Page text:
Though their press bio mentions that they formed only a few months ago, you wouldn’t know it listening to Devouror’s debut EP Slay For Satan. The black/death metal band was formed by members of Impiety, Depravity, and Infernal Execrator and focuses on fast riffing and all-out violence similar to the early days of the two genres. It’s a quick affair that leaves you little chance to breathe over the course of four songs, but Devouror comes across as a more fully formed band on this debut than groups that have been around for years rather than months.
With Shyaithan (Impiety) serving as one of the two guitarists, it’s not surprising that some of the unrelenting blasting and sheer amount of energy the songwriting brings to the table is reminiscent of his other band. There’s a similar emphasis on speed as the instrumentalists fly through scorching riffs and solos come tearing through your speakers with little warning. Stylistically Devouror pulls in that perfect blend of bestial, unrelenting black and death metal from the late 80s and early 90s with just the right amount of thrash edge to the riffing to balance everything out. The three original songs and killer cover of Sarcofago’s “INRI” make it clear that this is a band made up of seasoned veterans, as even though there’s a raw edge and the riffing and drumming destroys everything in its path there’s a level of polish and technicality to the playing that isn’t always easy to find in the genre. Slay For Satan also boasts production values that fill out the bottom in a truly bludgeoning manner without taking away from the scorching leads, and if Devouror can continue to strike this type of perfect balance on their recordings they’ll continue to make a strong impression.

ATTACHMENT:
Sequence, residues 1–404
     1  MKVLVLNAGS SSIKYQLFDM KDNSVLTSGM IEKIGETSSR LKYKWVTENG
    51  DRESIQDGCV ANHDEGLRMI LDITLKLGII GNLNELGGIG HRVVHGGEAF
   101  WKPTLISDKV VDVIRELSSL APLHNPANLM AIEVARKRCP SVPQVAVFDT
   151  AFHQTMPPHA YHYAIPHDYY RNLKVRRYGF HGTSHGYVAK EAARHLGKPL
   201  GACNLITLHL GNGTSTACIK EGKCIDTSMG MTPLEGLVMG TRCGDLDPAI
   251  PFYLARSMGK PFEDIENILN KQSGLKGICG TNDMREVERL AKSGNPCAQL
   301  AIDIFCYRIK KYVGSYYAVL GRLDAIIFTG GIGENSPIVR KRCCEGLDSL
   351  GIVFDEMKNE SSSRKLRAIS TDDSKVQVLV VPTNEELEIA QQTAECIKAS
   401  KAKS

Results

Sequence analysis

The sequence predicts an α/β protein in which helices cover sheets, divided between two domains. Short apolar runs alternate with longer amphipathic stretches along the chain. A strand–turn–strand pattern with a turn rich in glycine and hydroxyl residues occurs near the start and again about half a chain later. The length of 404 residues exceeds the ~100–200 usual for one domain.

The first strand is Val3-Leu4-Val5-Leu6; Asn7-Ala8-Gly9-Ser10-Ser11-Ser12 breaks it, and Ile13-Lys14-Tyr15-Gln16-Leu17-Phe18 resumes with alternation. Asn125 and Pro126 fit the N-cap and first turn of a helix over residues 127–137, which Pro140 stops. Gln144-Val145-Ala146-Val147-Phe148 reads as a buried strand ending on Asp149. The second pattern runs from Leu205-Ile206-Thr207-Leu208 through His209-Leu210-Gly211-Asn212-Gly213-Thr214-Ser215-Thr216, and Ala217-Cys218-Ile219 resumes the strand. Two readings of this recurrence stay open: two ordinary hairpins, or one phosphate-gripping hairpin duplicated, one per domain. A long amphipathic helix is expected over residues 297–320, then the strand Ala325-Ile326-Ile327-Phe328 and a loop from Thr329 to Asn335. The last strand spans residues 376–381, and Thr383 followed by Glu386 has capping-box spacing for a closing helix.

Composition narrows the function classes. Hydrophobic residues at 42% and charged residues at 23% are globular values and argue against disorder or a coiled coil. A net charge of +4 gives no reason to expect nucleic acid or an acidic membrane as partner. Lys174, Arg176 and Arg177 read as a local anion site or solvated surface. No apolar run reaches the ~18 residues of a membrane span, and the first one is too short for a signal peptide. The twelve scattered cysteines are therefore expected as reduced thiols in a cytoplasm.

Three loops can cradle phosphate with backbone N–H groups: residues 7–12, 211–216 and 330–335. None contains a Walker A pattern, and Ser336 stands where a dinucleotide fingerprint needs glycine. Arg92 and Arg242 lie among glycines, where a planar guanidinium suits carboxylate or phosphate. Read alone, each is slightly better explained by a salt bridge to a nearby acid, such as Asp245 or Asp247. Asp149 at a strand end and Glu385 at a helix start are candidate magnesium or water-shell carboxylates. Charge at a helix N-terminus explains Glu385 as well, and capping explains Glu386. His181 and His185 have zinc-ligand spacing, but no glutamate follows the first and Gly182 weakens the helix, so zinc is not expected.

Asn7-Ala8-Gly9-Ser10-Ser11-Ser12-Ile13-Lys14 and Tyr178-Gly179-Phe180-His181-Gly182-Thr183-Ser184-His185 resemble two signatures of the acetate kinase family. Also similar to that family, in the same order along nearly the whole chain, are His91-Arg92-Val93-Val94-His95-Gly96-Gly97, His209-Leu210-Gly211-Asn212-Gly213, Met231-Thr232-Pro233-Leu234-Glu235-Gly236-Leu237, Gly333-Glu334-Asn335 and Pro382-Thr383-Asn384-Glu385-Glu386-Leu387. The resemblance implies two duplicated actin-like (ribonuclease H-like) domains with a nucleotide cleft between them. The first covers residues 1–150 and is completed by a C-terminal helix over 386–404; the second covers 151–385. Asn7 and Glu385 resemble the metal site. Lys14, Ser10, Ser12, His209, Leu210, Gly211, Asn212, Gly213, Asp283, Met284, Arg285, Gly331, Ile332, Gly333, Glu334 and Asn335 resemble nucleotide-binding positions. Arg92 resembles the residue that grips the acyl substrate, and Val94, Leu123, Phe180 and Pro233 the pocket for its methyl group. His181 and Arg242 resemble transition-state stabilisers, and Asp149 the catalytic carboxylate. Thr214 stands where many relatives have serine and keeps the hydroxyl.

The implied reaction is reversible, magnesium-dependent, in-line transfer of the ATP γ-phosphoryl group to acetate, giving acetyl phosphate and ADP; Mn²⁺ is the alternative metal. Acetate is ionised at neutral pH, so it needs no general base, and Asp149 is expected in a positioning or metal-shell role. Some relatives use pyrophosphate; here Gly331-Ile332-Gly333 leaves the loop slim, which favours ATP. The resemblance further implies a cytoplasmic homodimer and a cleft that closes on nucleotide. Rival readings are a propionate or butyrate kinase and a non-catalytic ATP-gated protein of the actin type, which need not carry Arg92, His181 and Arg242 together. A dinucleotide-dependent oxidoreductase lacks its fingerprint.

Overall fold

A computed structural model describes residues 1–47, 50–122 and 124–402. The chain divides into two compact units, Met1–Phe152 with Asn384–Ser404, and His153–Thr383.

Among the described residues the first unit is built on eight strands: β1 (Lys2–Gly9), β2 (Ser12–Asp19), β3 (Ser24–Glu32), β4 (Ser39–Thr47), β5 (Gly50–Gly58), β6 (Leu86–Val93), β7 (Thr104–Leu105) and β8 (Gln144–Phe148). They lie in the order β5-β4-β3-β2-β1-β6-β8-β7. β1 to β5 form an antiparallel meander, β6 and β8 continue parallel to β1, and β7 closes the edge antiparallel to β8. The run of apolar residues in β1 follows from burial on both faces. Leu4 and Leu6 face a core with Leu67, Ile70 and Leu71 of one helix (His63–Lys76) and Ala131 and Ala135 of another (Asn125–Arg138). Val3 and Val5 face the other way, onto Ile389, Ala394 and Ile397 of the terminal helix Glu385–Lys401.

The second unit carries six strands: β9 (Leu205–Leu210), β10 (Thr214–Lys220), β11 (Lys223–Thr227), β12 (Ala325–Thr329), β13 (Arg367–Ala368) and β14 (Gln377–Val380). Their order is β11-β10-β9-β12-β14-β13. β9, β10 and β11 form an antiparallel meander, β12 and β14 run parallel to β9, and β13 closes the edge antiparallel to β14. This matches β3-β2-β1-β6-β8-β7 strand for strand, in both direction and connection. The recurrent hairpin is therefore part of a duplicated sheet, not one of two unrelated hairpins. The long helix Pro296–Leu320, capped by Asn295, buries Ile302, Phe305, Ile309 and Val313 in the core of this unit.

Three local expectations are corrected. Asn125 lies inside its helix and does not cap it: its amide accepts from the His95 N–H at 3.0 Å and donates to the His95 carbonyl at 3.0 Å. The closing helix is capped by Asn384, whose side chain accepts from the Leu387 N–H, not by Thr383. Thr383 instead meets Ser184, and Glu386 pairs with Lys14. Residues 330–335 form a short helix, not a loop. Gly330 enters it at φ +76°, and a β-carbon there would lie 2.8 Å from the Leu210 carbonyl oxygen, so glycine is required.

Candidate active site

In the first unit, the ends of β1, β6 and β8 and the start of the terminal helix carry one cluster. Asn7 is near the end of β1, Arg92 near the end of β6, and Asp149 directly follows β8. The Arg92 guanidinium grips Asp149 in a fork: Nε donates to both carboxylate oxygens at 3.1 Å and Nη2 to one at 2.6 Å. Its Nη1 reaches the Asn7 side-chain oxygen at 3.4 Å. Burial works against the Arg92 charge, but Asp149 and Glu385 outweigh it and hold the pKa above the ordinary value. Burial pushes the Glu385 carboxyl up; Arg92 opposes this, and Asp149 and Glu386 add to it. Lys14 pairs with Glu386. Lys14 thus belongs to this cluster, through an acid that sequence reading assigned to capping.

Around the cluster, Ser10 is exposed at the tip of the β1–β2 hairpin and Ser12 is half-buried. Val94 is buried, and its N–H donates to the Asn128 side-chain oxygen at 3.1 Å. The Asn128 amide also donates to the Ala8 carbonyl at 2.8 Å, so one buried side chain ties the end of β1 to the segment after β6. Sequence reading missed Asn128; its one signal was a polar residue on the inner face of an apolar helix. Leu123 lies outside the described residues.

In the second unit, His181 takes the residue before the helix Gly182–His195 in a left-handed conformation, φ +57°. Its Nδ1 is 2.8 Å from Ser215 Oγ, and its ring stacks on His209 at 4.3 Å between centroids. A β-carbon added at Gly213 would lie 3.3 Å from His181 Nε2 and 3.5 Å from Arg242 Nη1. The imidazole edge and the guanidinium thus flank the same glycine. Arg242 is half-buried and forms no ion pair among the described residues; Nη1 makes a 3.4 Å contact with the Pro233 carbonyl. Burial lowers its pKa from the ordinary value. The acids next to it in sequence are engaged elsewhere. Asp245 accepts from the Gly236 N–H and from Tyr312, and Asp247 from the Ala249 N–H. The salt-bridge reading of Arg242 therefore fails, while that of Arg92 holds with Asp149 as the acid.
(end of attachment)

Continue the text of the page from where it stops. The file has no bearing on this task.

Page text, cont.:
Antichristo Xul handles all of the vocal work on the EP and has a growl that’s about as low and demonic sounding as you can get. It’s the type of pitch that adds a truly bestial edge to the material, and at times the pitch is reminiscent of both Blasphemy and Archgoat which is damn appealing. The recording puts the vocals slightly above the instrumentals, which allows them to come through as more and more intense as each song progresses. To my knowledge Antichristo Xul has primarily been focused on bass before, but he gives a strong performance here and delivers the type of power needed for a frontman of this type of metal.
Slay For Satan does bear some similarities to the other bands its members play in, but that’s certainly not a bad thing. Devouror starts things off strong with a short EP that bludgeons listeners with unrelenting force for fourteen minutes straight while hinting at even better things still to come. It’s clear that this is more than a simple side project for these guys, and anyone with an interest in black/death metal of this variety will find this debut worthy of their time. Slay For Satan is out now on Metal Zone Records.
-Review by Chris Dahlberg
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